Food Avoidance Doesn’t Prevent Allergy
Asking pregnant and breastfeeding women to avoid foods associated with allergies such as milk, eggs and nuts was not an effective strategy in preventing the development of allergy to those foods in their children, according to new research presented here at the annual meeting of the American Academy of Allergy, Asthma & Immunology.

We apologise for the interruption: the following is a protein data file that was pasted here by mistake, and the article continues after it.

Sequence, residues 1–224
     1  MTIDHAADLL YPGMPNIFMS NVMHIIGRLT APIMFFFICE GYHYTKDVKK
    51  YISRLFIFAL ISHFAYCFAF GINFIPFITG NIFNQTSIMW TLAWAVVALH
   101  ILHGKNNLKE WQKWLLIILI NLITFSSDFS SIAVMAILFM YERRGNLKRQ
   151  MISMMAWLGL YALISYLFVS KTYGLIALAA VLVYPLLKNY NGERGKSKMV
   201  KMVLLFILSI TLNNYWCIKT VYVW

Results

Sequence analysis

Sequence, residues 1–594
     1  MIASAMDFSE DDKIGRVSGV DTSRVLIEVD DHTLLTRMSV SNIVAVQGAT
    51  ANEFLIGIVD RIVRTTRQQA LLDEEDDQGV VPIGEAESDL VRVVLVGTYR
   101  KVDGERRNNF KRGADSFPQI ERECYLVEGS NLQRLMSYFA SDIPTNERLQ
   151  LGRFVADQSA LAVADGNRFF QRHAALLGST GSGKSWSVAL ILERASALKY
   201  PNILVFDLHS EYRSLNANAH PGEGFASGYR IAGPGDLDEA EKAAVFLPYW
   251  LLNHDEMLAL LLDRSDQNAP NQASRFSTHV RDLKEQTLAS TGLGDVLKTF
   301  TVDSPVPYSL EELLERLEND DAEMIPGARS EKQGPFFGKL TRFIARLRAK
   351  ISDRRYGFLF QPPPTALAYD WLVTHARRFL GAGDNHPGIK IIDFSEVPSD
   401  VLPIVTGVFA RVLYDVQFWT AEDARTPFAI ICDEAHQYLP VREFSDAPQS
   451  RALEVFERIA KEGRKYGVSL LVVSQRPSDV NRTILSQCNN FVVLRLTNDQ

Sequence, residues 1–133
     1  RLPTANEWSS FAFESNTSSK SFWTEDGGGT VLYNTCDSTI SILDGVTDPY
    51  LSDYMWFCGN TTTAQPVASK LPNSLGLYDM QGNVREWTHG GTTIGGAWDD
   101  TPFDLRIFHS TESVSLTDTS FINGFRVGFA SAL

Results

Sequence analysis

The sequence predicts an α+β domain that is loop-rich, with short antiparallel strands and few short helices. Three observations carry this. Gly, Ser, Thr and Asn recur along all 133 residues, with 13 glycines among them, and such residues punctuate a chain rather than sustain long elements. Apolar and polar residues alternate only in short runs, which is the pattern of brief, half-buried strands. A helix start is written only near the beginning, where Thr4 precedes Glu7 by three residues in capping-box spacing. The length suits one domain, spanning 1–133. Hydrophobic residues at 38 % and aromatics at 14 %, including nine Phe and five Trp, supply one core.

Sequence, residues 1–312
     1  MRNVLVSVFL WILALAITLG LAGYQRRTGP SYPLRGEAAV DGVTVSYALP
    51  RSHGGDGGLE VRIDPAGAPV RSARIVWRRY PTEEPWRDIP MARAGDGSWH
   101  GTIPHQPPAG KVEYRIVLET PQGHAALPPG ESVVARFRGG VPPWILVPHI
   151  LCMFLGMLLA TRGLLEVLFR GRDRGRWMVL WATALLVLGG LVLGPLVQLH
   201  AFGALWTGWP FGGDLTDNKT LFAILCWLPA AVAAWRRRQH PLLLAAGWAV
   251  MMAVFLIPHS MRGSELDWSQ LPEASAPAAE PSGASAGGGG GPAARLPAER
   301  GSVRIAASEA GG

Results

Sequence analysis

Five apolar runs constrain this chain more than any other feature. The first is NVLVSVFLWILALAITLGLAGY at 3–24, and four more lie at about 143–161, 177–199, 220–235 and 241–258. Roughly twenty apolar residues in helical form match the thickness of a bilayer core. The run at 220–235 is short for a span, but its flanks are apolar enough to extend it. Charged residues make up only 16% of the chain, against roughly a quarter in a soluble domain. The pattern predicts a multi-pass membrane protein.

Asking pregnant and breastfeeding women to avoid foods associated with allergies such as milk, eggs and nuts was not an effective strategy in preventing the development of allergy to those foods in their children, according to new research presented here at the annual meeting of the American Academy of Allergy, Asthma & Immunology. “Partial food avoidance strategies are not effective to preventing sensitization,” lead author Dr. Greg K. Appelt, of the Pediatric Allergy and Clinical Immunology Department at the University of Manitoba, told attendees at the meeting. Previous evidence of avoiding certain foods to prevent allergy have been mixed, he noted, with some studies finding decreases in dermatitis at one year. Other studies have found a decrease in allergy one year, but no difference at age seven. Appelt’s group conducted a study that enrolled mothers from the Canadian Asthma and Allergy Primary Prevention study. The children were considered high risk, defined as having either one first-degree relative with asthma or two first-degree relatives with IgE-mediated allergic disease. The researchers counseled the mothers to avoid peanuts, nuts, fish, and decrease milk and egg consumption in the third trimester and during the first year of breastfeeding. The women were also asked to delay the introduction of solids for six months and only introduce milk after one year, eggs after two years and nuts after three years. The researchers had parents fill out a food questionnaire before birth, and at 2 weeks, and then at 2, 4, 8, 12 and 24 months. At one, two, and seven years old, the child was given a skin test for sensitization to milk, egg, nut, soy and wheat. Data were collected from 545 families–251 randomly assigned to the intervention group and 246 were assigned to the “control” group in which no allergy avoidance measures were taken The researchers found that at one year of age, there was no statistically significant difference between the groups. For example, about 4 percent of children in each group were allergic to milk. As many as 20 percent of the children in the intervention group and 14 percent of the control children were allergic to egg, but the differences were not significant. At two years of age, there was a significant difference between the two groups in allergy to eggs, with 12 percent of the children in the intervention group allergic to eggs but only 6 percent of controls. Four percent in the intervention group were allergic to milk, compared with only 1 percent of the control group. About 9 percent of both groups were allergic to nuts at this age. By age seven, only about 1 percent were sensitive to milk, and 1 percent to 4 percent were sensitive to eggs. At that age, 11 percent of the intervention group and 7 percent of the control group were sensitive to nuts. “Overall, sensitization declined from ages one to seven,” Appelt said. At one year of age, 102 children showed sensitization, while at age seven, only 47 did so. “Children with a strong family history of asthma sensitize to common foods, but this wanes over time (for) milk and eggs,” he saidThe researchers concluded that partial food avoidance strategies in the third trimester and during breastfeeding were not effective in preventing sensitization to food among these high-risk children. On the contrary, the strategies seemed to worsen the outcome, for unknown reasons. “We have concerns that these avoidances may enhance sensitization to foods in high-risk children,” Appelt said. These findings contradict the current recommendation by medical groups for mothers to limit their children’s contact with these foods if their children are at risk for developing allergies, noted Dr. Wesley Burks, a professor of pediatrics at Duke University in Chapel Hill, North Carolina. “To not find that is surprising,” Burks said. However, he added, the data set was relatively small. “It’s a relatively small number of patients to make any conclusions.”(Source: Reuters Health, March 2004)